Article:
Localization is more possible today than it has ever been, thanks to a range of tools. The internet and smartphones, especially, allow brands to tap into niches in many different markets, unlocking this scale while preserving the brand's core. This creates the best conditions to explore and build brands with Localized Luxury as the backbone. The internet specifically allows businesses to find target customers easier than ever before.
Even so, Localized Luxury is not an online-only endeavor. Le Labo uses its stores to make City Exclusives a highly unique experience. City Exclusives draw people into the store, where Le Labo can best cultivate its customers with highly attentive service and the always enthralling sight of your fragrance being made, personalized and packaged right before your eyes. When used correctly, real estate is an asset, not a liability, and it allows brands to solidify strong relationships with local and international customers. This is further proof that the entire debate about online versus offline retail was meaningless. All that matters is building the right experience for the right product. For Le Labo, and Localized Luxury more generally, the in-person experience remains a major differentiator.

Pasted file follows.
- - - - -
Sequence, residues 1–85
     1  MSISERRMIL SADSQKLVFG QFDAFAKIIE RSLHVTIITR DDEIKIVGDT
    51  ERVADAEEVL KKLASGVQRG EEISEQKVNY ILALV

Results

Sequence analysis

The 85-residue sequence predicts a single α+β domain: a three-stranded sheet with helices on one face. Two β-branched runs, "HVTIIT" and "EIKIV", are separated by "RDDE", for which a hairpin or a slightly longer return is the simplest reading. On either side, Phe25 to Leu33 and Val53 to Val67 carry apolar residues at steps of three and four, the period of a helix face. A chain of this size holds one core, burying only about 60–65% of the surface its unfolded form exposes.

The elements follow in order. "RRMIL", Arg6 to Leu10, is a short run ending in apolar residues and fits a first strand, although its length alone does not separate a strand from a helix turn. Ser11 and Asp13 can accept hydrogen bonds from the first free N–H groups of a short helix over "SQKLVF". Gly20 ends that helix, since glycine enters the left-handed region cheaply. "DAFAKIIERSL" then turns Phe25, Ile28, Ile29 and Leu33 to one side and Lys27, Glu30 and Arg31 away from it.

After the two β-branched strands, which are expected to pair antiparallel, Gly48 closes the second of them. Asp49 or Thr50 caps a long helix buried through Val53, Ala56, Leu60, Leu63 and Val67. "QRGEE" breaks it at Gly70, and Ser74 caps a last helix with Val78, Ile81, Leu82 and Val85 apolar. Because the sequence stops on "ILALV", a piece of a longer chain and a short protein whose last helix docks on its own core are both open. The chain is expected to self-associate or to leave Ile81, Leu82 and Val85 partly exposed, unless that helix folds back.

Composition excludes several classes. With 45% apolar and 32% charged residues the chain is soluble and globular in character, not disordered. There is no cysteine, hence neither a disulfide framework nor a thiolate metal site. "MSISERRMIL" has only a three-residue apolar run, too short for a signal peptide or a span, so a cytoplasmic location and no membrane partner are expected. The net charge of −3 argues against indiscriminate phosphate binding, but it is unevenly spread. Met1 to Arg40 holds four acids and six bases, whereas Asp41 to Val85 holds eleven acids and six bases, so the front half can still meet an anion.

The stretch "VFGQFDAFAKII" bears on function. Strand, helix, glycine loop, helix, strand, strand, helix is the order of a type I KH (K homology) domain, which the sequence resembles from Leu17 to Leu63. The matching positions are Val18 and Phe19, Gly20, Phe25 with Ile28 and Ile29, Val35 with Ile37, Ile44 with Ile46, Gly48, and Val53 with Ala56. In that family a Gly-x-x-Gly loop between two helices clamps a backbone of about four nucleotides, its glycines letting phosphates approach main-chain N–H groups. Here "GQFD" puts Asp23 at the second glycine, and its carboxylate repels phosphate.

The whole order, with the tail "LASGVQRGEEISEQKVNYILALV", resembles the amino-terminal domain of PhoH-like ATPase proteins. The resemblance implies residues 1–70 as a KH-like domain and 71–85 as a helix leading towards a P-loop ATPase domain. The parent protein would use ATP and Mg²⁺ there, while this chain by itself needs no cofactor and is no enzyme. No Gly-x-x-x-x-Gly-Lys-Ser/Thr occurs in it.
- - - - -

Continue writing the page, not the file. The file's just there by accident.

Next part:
With this premise, a brand can now reach new levels of scale globally without diluting what made it successful in the first place. Localized Luxury allows early and loyal customers to continue enjoying a brand's uniqueness even as it grows. This also empowers smaller brands to either stay small—small-scale entrepreneurship is both personally fulfilling and worthwhile—or get bigger while still feeling intimate. Scale and scarcity are all relative. Localized Luxury puts this relativity to use, keeping consumers on their toes and always creating new opportunities for discovery, ensuring brand saturation is a thing of the past.
In Part V, we'll offer some closing thoughts about scale and the power of small businesses.